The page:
From social responsibility to corporate activism

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    Sustainability / ESG
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Imagine for a moment that you’re Nike’s communications director. Imagine it’s May 22, 2019. You’ve been given a heads up that The New York Times has published some less than favorable content and someone on your team sends you the link. You open it on your phone. To see a video in the Opinion section titled “Allyson Felix: My Own Nike Pregnancy Story.”

For the next four minutes and seventeen seconds, you watch a Nike-endorsed athlete with nine Olympic medals denouncing your brand for its intention to pay her 70 percent less if she performs less well the birth of her daughter. “I’ve been one of Nike’s most widely marketed athletes. If I can’t secure maternity protections, who can?”

Her question rings in your head as you now watch the computer screen. On Twitter the negative mentions keep rolling in. You have a long list of incoming calls from journalists. And complaints are starting to come into customer services as well. You can see where all this could end. This isn’t the first complaint about his kind of thing. And besides, there’s fertile ground for it.

Just a few months ago, the “Dream Crazier” campaign led by Serena Williams received global praise. It was a whole feminist statement with a clear message to the uncomprehending patriarchal culture. “If we dream of equal opportunity, we’re delusional. If we stand for something, we’re unhinged,” Williams read. “Good thing she didn’t say ‘if we want to have children, they take away our livelihoods,” you think to yourself now.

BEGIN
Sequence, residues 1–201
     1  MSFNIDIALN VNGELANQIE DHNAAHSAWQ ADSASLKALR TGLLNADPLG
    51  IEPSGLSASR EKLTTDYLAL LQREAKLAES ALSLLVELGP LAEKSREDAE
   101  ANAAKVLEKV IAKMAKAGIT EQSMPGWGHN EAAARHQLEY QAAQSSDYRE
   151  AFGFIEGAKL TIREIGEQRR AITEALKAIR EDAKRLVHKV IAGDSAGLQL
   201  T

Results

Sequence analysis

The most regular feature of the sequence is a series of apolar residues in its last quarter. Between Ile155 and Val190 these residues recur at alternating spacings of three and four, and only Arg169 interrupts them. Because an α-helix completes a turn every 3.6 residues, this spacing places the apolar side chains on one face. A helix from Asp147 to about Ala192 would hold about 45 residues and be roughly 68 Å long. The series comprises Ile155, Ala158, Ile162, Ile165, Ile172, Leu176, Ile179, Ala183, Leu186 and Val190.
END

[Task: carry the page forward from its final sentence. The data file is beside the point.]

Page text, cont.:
Nike’s response took three long months, by which time Felix had swapped sponsors. On August 12, John Slucher, global marketing vice president of Marketing, sent a letter announcing the company’s commitment to not reduce payment or rescind the contracts of pregnant athletes “for a consecutive period of one and half years, beginning eight months before the birth date”.

How to turn digital audiences into brand advocates

These lessons show brand activism is a necessary strategic framework for companies to sustain themselves, regardless of the latest fashions in marketing and communications.

We have designed a canvas that features all the elements that come into play in any communication strategy in the post-digital era. From the analysis of the environment and business model to setting objectives and results; from the development of a narrative that connects the brand with its people; and reaching the planning of the person’s omnichannel experience through all its phases of attraction, adhesion and mobilization

If you are interested in going deeper into the strategic framework of brand activism, and to know in more detail about the post-digital communication canvas, we invite you to download both documents through this link.



Iván Pino